Section 10

They who assert that figure, motion, and the rest of the primary or original qualities do exist without the mind in unthinking substances, do at the same time


acknowledge that colours, sounds, heat, cold, and suchlike secondary qualities, do not—which they tell us are sensations existing in the mind alone, that depend on and are occasioned by the different size, texture, and motion of the minute particles of matter. This they take for an undoubted truth, which they can demonstrate beyond all exception. Now, if it be certain that those original qualities are inseparably united with the other sensible qualities, and not, even in thought, capable of being abstracted from them, it plainly follows that they exist only in the mind. But I desire any one to reflect and try whether he can, by any abstraction of thought, conceive the extension and motion of a body without all other sensible qualities. For my own part, I see evidently that it is not in my power to frame an idea of a body extended and moving, but I must withal give it some colour or other sensible quality which is acknowledged to exist only in the mind. In short, extension, figure, and motion, abstracted from all other qualities, are inconceivable. Where therefore the other sensible qualities are, there must these be also, to wit, in the mind and nowhere else.

Section 11

Again, great and small, swift and slow, are allowed to exist nowhere without the mind, being entirely relative, and changing as the frame or position of the organs of sense varies. The extension therefore which exists without the mind is neither great nor small, the motion neither swift nor slow, that is, they are nothing at all. But, say you, they are extension in general, and motion in general: thus we see how much the tenet of extended movable substances existing without the mind depends on the strange doctrine of abstract ideas. And here I cannot but remark how nearly the vague and indeterminate description of Matter or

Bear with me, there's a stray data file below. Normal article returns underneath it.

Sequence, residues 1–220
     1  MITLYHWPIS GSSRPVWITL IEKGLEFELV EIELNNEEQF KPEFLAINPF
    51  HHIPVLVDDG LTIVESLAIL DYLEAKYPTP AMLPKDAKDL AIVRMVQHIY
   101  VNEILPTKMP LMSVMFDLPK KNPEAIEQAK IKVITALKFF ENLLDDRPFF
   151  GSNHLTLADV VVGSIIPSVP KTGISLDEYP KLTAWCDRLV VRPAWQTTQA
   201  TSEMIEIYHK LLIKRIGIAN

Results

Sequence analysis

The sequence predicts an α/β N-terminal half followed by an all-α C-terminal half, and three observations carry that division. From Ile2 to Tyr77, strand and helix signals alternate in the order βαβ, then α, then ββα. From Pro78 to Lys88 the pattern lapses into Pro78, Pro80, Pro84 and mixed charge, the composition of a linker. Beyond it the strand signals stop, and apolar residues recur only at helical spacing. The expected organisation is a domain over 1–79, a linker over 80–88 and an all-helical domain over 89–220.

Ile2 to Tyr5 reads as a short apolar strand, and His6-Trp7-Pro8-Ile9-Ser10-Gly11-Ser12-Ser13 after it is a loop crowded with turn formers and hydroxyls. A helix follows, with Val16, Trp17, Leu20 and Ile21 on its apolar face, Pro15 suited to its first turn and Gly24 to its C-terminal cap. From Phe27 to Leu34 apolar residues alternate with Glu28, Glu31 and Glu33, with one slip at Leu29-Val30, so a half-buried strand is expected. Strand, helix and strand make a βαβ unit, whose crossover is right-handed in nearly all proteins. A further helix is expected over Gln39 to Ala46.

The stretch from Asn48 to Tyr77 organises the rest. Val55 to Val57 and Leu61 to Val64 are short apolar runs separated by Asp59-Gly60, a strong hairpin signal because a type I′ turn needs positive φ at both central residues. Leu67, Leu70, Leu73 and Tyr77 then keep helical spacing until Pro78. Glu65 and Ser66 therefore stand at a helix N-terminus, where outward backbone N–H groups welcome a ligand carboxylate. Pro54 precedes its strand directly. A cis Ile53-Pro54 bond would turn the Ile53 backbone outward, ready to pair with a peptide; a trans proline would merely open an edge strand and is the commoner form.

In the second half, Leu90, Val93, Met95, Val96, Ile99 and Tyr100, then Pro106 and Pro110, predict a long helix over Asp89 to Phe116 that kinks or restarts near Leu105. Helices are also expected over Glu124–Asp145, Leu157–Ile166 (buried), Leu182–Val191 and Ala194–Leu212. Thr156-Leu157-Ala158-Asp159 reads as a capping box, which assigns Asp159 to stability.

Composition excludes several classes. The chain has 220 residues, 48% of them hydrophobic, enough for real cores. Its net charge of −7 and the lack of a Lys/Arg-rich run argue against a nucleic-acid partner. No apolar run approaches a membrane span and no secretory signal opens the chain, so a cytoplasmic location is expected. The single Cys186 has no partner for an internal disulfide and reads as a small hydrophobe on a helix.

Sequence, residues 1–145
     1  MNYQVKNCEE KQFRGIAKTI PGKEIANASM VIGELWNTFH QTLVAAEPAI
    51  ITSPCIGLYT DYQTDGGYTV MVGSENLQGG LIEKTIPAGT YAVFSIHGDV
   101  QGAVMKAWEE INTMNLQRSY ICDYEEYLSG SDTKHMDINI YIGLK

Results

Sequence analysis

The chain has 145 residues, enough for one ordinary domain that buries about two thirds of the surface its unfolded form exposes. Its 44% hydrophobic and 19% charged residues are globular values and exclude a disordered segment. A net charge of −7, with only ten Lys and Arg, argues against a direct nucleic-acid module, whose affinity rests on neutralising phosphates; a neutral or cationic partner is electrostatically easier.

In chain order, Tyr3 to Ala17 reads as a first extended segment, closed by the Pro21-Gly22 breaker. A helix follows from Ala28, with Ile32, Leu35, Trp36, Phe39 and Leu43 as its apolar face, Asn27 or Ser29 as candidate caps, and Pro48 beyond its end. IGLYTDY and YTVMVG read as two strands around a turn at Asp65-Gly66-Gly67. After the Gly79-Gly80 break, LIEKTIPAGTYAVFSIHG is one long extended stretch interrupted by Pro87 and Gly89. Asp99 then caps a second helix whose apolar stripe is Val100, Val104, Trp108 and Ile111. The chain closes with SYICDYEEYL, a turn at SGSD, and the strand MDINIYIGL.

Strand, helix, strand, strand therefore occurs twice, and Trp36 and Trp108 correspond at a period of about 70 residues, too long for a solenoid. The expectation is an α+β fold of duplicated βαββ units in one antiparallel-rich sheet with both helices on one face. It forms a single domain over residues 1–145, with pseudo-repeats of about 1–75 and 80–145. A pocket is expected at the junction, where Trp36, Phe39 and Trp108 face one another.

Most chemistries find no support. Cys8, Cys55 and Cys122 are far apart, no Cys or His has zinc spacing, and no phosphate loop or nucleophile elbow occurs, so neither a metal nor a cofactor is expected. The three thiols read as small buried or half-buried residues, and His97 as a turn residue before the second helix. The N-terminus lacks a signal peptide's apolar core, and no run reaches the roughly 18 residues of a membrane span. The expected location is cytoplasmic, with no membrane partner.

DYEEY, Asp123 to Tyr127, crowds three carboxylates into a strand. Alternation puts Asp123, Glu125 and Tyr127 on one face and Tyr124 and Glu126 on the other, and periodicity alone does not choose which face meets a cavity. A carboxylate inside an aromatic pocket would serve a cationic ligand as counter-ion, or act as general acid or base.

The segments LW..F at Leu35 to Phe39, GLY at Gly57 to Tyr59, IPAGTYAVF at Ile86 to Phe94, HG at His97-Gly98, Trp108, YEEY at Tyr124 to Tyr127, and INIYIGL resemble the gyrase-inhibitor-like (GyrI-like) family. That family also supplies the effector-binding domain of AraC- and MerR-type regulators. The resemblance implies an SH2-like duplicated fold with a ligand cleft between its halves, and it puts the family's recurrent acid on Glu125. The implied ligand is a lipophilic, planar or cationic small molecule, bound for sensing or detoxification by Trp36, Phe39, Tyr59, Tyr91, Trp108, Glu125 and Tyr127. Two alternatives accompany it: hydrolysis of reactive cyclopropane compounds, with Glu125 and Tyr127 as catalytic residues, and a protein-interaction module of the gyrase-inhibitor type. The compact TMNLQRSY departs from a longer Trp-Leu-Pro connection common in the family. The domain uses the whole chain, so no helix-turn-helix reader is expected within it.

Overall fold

corporeal substance, which the modern philosophers are run into by their own principles, resembles that antiquated and so much ridiculed notion of materia prima, to be met with in Aristotle and his followers. Without extension solidity cannot be conceived; since therefore it has been shewn that extension exists not in an unthinking substance, the same must also be true of solidity.

Section 12

That number is entirely the creature of the mind, even though the other qualities be allowed to exist without, will be evident to whoever considers that the same thing bears a different denomination of number as the mind views it with different respects. Thus, the same extension is one, or three, or thirty-six, according as the mind considers it with reference to a yard, a foot, or an inch. Number is so visibly relative, and dependent on men's understanding, that it is strange to think how any one should give it an absolute existence without the mind. We say one book, one page, one line, etc.; all these are equally units, though some contain several of the others. And in each instance, it is plain, the unit relates to some particular combination of ideas arbitrarily put together by the mind.